Carol Davis: You know, it's up now, but yes. I'm going to say yes. I'm going to redo it but that shouldn't take too long though, but yeah, it's up.
Timmie Boose: And these are classes that you pay for?
Carol Davis: You get one free class which I put up, which is a collage of fruit; a piece of fruit collage. And then there's a package of four, although I might break it up into individual ones, and those you pay for. And you know, I know there's a lot of free art on YouTube and stuff you can take or even Pinterest, but these lessons are super detailed. I even give you a supply list you can print out. I write out all the instructions in case you want to read them. The shortest one is probably 18 minutes to about a half an hour long.
Timmie Boose: Nice.
Carol Davis: And there's music and stuff.
Timmie Boose: So you do the work, the artwork along with the class kind of?
Carol Davis: Well, I'm demonstrating it. Like I have the cam, you can really just kind of see my hands. So the camera's kind of over my shoulder, and so you can see me doing the work and I talk about it as I do it. So you can do it along with the video or you can stop and start it and or go back, and you have something you don't get.
Timmie Boose: I think sometimes when you actually pay for a class, you get a lot more out of it. It's like you're investing money, and so you'll take the time to actually work through it. You know what I mean?
Carol Davis: So I'm hoping. And they're not super basic. I mean, you do learn different arts skills and techniques in each one of them, so it does take a little commitment, but they're very cool. It's like, I always say at the end of the video, it's like the best part is you're going to have a piece of art that you can hang on the wall that you made.
Timmie Boose: That's awesome. And I like that you have a little name for each one of them.
Carol Davis: Yeah. That was fun. I like coming up with that.
Timmie Boose: That's awesome.
Carol Davis: Also, I have the mosaics too; that's a different thing, and I've been doing those now for about maybe five years. I have sold them, I mean, I learned how to do it by taking a little weekend, like Groupon. And this woman taught them in like her dining room and I did a weekend. I'm like, I can do this and I just started it, and I really, really like it.
Timmie Boose: Yeah. I remember a few years ago I went to, it was like a workshop or something you were doing to make mosaics and I made a mosaic.
Carol Davis: Oh, that was a little art opening that I had. And I would tie a little-- oh, you were there; that's right. You were there.
Timmie Boose: Yeah, I forget what it was exactly. It was somewhere in Santa Monica and I made this little, maybe like a 3X3 piece of wood with mosaics. I had never done that before. It was awesome.
Carol Davis: Yeah. That was a little-- I actually do improv, and so art, like kind of improv director guy. For some reason he rented a gallery space for one night and he had three different artists in it and I was one of them. Yeah, I did a little class for whoever wanted to do it. I forgot you did that. That's cool. What did you do? What does it look like?
Timmie Boose: I don't know. I think it was just some kind of design or something, but it was cool looking; I use to put candles on it.
Carol Davis: The glass is beautiful. I mean, I use glass, like we use for stain glass, this sort of stained glass, so it's not ceramic or anything, but the colors are really vibrant and bright and just really deep. The colors are just so great. I love that. There's a big warehouse down south here a little ways called Pacific Art Glass. It's just massive warehouse, just full of glass.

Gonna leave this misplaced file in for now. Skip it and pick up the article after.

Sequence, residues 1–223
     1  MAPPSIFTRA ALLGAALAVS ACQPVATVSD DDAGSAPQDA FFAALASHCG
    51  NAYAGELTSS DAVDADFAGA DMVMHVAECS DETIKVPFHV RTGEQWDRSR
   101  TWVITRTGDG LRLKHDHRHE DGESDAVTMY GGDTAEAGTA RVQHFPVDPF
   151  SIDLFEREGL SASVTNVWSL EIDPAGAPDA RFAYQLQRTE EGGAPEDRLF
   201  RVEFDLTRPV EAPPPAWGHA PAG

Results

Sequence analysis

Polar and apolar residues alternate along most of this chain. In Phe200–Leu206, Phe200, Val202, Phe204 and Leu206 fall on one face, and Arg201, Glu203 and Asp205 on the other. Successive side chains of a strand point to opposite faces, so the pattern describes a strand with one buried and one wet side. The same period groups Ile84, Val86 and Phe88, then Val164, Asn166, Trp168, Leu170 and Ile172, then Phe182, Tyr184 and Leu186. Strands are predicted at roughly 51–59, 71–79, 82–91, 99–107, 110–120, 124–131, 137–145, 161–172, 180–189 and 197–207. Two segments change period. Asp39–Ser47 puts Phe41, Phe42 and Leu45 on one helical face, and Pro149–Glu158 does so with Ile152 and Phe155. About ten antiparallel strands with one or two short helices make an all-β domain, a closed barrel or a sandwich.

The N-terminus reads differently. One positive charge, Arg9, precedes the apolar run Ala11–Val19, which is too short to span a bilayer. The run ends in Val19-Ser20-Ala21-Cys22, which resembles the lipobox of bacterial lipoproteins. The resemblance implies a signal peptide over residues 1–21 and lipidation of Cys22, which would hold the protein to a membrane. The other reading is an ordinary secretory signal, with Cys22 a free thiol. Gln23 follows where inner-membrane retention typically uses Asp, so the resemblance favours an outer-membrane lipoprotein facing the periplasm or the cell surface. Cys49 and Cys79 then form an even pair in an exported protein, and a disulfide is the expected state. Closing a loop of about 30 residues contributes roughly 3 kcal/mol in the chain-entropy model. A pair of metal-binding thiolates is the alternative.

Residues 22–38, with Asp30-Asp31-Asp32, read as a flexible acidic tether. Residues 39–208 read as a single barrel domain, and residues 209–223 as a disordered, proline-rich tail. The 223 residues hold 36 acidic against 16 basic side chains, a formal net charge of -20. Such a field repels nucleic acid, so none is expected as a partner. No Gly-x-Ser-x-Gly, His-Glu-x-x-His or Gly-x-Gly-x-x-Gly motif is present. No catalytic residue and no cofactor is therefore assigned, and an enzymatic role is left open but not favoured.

Timmie Boose: Where's that?
Carol Davis: It's in Gardena, California.
Timmie Boose: it's open to the public to buy glass.
Carol Davis: Right. I did buy big sheets of it, and then I break it up into little pieces and then I have these little nippers that I used to cut it into the shapes that I want.
Timmie Boose: That's awesome.
Carol Davis: For me again, yeah.
Timmie Boose: All right, so you have another website for the mosaics, right?
Carol Davis: I do. That one's called absolutemosaics.com.
Timmie Boose: That's a pretty good web name, absolutemosaics.
Carol Davis: You know, it's funny because my husband, he's a music agent and he started his own agency a while ago and he's like, what should I name it? And I said, name it absoluteartists.com. He doesn't have that anymore, so it's like, okay, I can use that name now.
Timmie Boose: He didn't? I was going to say that's a good name. Was it available?
Carol Davis: Absolute artists was available, yes, so was absolutemosaics was available too.
Timmie Boose: Wow. Usually like the first thing you think of is not available. Like I was going to call this podcast something totally different and it was not available. And I was really banking on that for the name. It was going to be professional amateur, but somebody already has a podcast called professional amateur.
Carol Davis: I love the name of your podcast. See, it's probably a good thing it wasn't available, right?
Timmie Boose: Yeah, maybe so. So, don't always settle on the first name.
Carol Davis: That's right.
Timmie Boose: Stays open.
Carol Davis: I mean, I say art is like a progression of creative problem solving anyway. I think that's really what it is. And I think if you come upon obstacles is actually a good thing. Or you make-- I say this in my videos. It's like, if you make a mistake it can be really great. It's like, wow, okay. So oftentimes a mistake is something you would never think of to do, and sometimes a mistake sucks. But like with your title of your podcast, I think it's much better the title that you have in my opinion, then I remember--